#ARCTIC. #SIBERIA. THIS IS TAIMYR. The mainland designers did not believe that in our conditions it was possible to conduct mining operations in an open way. They believed that with the Norilsk drifts, miners would remove 99 percent of the snow and ice and only one percent of the ore.
But the head of the Norilsk combine, Avraamy Zavenyagin, in a memorandum to the government proposed an open method.
In the technical project, local experts proved that open work is possible, that the snow can fight itself: that is, the shield system would create barriers to protect the mine from drifts.
Zavenyagin managed to prove his case. In 1940, the Ugolny Ruchey (Coal Creek) mine began operations – the first open pit mine in the Arctic.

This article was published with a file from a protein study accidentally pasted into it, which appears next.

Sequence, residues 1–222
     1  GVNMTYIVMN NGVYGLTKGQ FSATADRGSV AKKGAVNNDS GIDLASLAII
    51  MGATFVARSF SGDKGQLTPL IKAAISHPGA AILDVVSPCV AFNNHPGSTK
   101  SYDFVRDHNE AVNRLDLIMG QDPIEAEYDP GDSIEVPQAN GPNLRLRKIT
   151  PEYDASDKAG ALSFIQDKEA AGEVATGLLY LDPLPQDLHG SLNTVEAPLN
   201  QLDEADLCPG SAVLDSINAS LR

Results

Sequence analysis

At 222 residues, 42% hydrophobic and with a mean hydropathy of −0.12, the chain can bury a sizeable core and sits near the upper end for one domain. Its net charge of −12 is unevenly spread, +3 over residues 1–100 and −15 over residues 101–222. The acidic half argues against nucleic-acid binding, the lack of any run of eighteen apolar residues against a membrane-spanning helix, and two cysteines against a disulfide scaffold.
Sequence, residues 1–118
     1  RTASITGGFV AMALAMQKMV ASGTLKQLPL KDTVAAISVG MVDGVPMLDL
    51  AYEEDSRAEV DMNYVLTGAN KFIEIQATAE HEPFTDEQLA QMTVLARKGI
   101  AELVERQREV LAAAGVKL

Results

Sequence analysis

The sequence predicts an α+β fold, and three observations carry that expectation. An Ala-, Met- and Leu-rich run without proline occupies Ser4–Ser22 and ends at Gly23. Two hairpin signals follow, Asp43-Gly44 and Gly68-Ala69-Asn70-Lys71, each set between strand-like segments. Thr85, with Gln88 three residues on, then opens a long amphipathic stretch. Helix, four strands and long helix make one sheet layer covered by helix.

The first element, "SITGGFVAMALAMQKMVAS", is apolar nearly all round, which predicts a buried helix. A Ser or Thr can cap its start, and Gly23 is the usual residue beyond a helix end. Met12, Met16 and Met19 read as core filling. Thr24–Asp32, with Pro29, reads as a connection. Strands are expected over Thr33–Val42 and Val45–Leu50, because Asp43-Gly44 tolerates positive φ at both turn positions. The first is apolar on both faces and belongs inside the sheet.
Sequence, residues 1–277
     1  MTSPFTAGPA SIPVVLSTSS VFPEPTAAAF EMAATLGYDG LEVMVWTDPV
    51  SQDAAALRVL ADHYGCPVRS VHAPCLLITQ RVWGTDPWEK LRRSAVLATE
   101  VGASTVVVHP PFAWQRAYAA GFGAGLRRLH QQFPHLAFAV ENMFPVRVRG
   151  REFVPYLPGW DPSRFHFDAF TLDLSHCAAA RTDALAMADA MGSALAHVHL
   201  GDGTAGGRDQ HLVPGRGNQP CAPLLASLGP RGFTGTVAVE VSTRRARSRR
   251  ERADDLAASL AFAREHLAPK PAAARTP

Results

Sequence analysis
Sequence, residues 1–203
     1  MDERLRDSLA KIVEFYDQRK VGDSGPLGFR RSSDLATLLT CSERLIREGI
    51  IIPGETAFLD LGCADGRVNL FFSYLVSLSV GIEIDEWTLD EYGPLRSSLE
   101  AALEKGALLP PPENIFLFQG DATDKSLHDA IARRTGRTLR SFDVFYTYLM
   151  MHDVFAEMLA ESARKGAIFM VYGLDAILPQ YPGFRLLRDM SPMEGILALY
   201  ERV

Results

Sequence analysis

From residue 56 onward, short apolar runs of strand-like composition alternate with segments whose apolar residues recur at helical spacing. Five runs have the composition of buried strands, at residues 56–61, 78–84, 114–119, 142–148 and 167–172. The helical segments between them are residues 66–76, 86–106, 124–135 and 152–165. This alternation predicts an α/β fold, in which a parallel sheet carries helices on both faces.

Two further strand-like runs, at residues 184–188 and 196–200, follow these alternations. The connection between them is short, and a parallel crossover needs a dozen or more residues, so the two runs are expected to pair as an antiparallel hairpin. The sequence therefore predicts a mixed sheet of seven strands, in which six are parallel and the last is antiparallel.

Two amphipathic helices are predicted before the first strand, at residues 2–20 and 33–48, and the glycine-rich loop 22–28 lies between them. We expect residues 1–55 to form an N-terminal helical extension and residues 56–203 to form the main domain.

On August 29, the first explosion thundered and with almost complete lack of equipment overburden operations began. Manual labor was widely used, and the first American excavator for open work was delivered only in 1941.
Ugolny Ruchey successfully operated for 30 years. It was closed in July 1970.
In 1943, it was revealed that an open-pit method could be used to develop another ore body – at Medvezhy Ruchey (Bear Creek). Construction of the Medvezhy Ruchey quarry began in 1945, and it is still in operation.
In the last issue of the History Spot photo project, we told how Norilsk became a village.
Text: Svetlana Samohina, Photo: Nornickel Polar Division archive